Albums

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Vocal Jazz - Released April 27, 2018 | ECM

Hi-Res Booklet Distinctions Indispensable JAZZ NEWS
After two albums at the head of a rather jazzy quartet, Elina Duni is now releasing a collection of songs under her own name that evoke love as well as loss and departure. Recorded in the studios La Buissonne in the south of France in July 2017 under the artistic direction of Manfred Eicher from ECM, Partir is undeniably her most personal opus. Her most intimate too. In this album entirely written and produced on her own, the singer from Tirana plays on the piano, on the guitar and on percussions in tunes drawing from a multitude of sources, from folk to popular music: traditional songs from Albania, Kosovo, Armenia, Macedonia, Switzerland and Arabic Andalusia, but also Jacques Brel’s Je ne sais pas, Alain Oulman’s Meu Amor, Domenico Modugno’s Amara Terra Mia or even Let Us Dive In by Duni herself. To highlight her voice’s expressiveness, she has logically opted for sleek arrangements. In this context, her singing is beautifully emphasised and becomes the common theme throughout her electric repertoire. An organ that can be poignant at times, particularly when she sings about suffering, in a sort of Balkan fado, like a European blues following in the footsteps of Billie Holiday − the ultimate ambassador of human flaws, whom she admires above everything else! The listener comes out dazed by the captivating beauty of what turns out to be Elina Duni’s most stunning album so far… © Marc Zisman/Qobuz
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Vocal Jazz - Released November 4, 2016 | Five Fishes

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Vocal Jazz - Released October 14, 2016 | Jazz Village

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Vocal Jazz - Released June 3, 2016 | Okeh

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Vocal Jazz - Released March 25, 2016 | Sound Surveyor Music

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Vocal Jazz - Released December 11, 2015 | Abalone Productions

Hi-Res Booklet Distinctions 4 étoiles Jazzman - OUI! de Culture Jazz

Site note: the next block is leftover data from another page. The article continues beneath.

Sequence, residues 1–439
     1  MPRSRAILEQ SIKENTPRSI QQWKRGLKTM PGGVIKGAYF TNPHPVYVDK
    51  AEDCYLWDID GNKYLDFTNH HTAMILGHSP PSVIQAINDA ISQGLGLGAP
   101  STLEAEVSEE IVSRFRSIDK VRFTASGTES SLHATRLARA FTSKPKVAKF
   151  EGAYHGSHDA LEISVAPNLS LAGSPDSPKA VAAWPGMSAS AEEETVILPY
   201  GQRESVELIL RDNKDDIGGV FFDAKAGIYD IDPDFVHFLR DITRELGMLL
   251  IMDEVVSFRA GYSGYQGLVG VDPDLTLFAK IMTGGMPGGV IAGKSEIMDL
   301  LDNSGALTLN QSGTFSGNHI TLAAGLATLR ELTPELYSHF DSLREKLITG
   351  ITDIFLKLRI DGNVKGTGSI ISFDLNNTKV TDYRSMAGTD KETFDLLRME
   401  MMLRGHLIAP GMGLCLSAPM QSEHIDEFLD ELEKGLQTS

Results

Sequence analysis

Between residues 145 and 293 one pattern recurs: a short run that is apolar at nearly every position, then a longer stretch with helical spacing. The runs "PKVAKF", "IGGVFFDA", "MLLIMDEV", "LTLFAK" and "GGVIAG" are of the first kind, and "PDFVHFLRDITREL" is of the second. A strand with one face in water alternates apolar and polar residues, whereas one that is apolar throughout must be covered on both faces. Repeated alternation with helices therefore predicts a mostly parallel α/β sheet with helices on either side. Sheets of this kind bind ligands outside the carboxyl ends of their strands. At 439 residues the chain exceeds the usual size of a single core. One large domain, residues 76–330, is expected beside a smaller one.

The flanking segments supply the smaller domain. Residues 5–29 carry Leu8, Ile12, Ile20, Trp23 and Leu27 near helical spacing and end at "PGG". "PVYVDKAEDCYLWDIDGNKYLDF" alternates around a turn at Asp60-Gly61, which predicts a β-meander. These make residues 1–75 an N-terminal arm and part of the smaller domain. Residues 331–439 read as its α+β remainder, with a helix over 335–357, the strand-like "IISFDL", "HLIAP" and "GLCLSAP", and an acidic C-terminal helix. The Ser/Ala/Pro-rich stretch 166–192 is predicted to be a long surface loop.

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Vocal Jazz - Released January 22, 2016 | Mack Avenue

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Vocal Jazz - Released April 13, 2015 | jazz family

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Vocal Jazz - Released September 15, 2014 | naïve Jazz

Hi-Res Booklet Distinctions Découverte JAZZ NEWS
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Vocal Jazz - Released February 2, 2014 | Jazz Village

Hi-Res Booklet Distinctions Hi-Res Audio - Sélection JAZZ NEWS
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Vocal Jazz - Released January 17, 2014 | ECM

Hi-Res Booklet Distinctions Hi-Res Audio
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Vocal Jazz - Released November 6, 2012 | Jazz Village

Hi-Res Booklet Distinctions Le top 6 JAZZ NEWS - Hi-Res Audio
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Vocal Jazz - Released September 24, 2010 | ACT Music

Hi-Res Distinctions The Qobuz Standard
If one were to listen only to "My Favorite Things," the Richard Rodgers-Oscar Hammerstein Great American Songbook standard that opens Same Girl, one might deduce that Korea's Youn Sun Nah is just another cabaret singer with a pretty voice. The kalimba with which she is accompanying herself as she sings -- the sole instrument heard -- lends a sense of purity to the tune, and although the vocalist avoids the usual routes taken with the song, there's no real reason to get excited. Yet. Then things get interesting, fast. As she works her way through material from sources as diverse as Randy Newman, Sergio Mendes, and Metallica -- yes, Metallica; she does a mean "Enter Sandman" -- in addition to two original compositions and a Korean standard, Nah establishes that, in fact, she is incontestably an original, a jazz singer of great range, complexity, emotion, and ideas. Precision timing and sharp diction mark Nah's approach as she traverses the lyrics, but it's not only her technical prowess that makes Same Girl (her second release as a leader on the ACT label, after having spent a decade with a French band) such a delight. For one thing, she is constantly full of surprises. On the Mendes tune, "Song of No Regrets," Nah could have followed the rule book and sung the number as a samba. Instead, she turns it into a near a cappella minimalist dirge, Lars Danielsson's cello bringing to the rendition an unexpected eeriness and majesty. Terry Cox's "Moondog" is something else altogether, all jutting angles and piercing barbs, Ulf Wakenius' guitar and Xavier Desandre-Navarre's drums seemingly flailing willy-nilly behind Nah's warbles, yet somehow making perfect sense in the context of the arrangement, even when Nah breaks the solemnity with a jarring kazoo solo, of all things. For a real taste of her ability to knock a listener out cold, though, Wakenius' "Breakfast in Baghdad" is the place to go: to call Nah a scat singer is like calling John Coltrane a guy who fooled around a bit with the sax. Nah is a wildwoman let loose, treating each syllable as a new adventure in acrobatics, the musicians flying free and fancifully behind her captivating, seriously stunning ravings. Youn Sun Nah doesn't simply interpret; any good jazz signer can do that. She gets to the root of a melody and a lyric, deconstructs it wholly, and then presents it in a way it's never before been heard. Not many around who can do that anymore. ~ Jeff Tamarkin
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Vocal Jazz - Released April 24, 2009 | ACT Music

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Vocal Jazz in the magazine